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posted by Fnord666 on Thursday April 02 2020, @08:28AM   Printer-friendly
from the writers-gotta-eat dept.

Authors fume as online library "lends" unlimited free books:

For almost a decade, the Internet Archive, an online library best known for its Internet Wayback Machine, has let users "borrow" scanned digital copies of books held in its warehouse. Until recently, users could only check out as many copies as the organization had physical copies. But last week, The Internet Archive announced it was eliminating that restriction, allowing an unlimited number of users to check out a book simultaneously. The Internet Archive calls this the National Emergency Library.

Initial media coverage of the service was strongly positive. The New Yorker declared it a "gift to readers everywhere." But as word of the new service spread, it triggered a backlash from authors and publishers.

"As a reminder, there is no author bailout, booksellers bailout, or publisher bailout," author Alexander Chee tweeted on Friday. "The Internet Archive's 'emergency' copyrights grab endangers many already in terrible danger."

"It is a tarted-up piracy site," wrote author James Gleick.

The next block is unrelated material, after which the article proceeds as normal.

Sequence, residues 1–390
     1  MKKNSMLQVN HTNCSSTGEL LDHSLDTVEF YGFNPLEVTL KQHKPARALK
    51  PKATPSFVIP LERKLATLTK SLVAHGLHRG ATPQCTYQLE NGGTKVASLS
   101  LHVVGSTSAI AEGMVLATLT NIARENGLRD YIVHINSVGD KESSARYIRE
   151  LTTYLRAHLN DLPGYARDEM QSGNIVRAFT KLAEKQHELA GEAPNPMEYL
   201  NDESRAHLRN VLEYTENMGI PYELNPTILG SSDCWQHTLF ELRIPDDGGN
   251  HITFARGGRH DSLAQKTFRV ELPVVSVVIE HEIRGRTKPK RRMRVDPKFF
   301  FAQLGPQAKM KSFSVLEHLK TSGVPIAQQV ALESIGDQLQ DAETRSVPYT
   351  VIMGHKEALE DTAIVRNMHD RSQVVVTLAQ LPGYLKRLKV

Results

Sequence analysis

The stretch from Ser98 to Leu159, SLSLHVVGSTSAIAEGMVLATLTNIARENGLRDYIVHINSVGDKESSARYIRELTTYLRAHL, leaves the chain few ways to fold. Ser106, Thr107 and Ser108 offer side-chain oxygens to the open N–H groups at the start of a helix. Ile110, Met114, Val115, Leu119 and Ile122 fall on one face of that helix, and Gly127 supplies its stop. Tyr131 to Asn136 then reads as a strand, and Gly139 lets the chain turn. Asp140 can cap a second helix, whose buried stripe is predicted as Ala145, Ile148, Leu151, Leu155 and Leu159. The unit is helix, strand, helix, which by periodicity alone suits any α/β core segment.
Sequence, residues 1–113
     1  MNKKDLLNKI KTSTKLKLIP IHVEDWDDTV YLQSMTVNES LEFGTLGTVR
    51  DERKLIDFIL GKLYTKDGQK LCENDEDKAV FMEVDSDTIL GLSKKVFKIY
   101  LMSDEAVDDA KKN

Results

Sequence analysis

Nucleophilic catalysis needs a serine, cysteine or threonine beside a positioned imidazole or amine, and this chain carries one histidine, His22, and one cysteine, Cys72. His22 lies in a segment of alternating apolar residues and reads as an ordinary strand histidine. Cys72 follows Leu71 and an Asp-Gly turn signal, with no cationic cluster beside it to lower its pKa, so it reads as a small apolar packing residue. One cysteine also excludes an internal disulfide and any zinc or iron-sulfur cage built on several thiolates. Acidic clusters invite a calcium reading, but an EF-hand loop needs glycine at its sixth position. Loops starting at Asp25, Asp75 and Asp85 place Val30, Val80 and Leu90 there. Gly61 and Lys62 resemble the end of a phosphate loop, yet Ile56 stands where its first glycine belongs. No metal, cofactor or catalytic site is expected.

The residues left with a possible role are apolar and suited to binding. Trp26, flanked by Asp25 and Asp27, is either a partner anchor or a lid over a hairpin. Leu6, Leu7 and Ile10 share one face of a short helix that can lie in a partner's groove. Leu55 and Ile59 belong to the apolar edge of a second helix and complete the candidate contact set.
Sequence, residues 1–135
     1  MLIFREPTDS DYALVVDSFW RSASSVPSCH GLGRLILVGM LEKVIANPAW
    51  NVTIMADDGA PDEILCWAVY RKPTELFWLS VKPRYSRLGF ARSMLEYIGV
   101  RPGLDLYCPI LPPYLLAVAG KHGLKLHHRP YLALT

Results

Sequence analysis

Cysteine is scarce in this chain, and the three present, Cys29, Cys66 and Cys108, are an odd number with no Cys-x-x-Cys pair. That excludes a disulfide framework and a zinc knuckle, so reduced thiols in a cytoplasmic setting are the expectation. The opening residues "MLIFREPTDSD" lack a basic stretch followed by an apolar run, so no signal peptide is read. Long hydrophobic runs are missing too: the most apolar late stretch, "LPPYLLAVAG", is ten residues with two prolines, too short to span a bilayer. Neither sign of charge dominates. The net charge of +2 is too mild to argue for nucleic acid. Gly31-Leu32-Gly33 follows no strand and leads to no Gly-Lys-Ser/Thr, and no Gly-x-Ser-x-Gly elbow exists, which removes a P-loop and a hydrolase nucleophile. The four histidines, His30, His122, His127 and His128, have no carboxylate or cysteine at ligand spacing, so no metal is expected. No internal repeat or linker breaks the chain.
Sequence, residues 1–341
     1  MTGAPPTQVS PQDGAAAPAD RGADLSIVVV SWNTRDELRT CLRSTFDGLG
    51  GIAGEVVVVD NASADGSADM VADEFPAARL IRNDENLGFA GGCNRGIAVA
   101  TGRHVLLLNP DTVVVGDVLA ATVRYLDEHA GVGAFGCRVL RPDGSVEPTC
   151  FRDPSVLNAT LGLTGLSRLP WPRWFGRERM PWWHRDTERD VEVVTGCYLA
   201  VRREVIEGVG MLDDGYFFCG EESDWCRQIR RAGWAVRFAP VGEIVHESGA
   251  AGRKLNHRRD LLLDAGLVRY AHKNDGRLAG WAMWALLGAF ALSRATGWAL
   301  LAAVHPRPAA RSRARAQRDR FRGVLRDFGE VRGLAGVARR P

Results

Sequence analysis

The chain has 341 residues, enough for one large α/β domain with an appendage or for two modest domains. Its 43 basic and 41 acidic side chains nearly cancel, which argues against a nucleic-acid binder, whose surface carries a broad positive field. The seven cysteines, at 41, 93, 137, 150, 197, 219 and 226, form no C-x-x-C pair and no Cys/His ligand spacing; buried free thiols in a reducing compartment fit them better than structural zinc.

Internet Archive Suspends E-Book Lending "Waiting Lists" During U.S. National Emergency

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  • (Score: 0) by Anonymous Coward on Thursday April 02 2020, @07:30PM (2 children)

    by Anonymous Coward on Thursday April 02 2020, @07:30PM (#978424)


    Capitalist apologist doesn't like copyright terms. Weird bit of hypocrisy you've got there, you must've grown up pirating games and other media.

  • (Score: 1) by khallow on Thursday April 02 2020, @07:34PM

    by khallow (3766) Subscriber Badge on Thursday April 02 2020, @07:34PM (#978428) Journal

    Weird bit of hypocrisy

    What's hypocritical about my stance? We could choose to privatize the air you breathe, would that somehow be a good idea for a "capitalist apologist"?

  • (Score: 0) by Anonymous Coward on Saturday April 04 2020, @02:27PM

    by Anonymous Coward on Saturday April 04 2020, @02:27PM (#979028)

    Copyright does not belong in the domain of capitalism. In fact, by stifling competition, it is actively acting against the ideals of capitalism.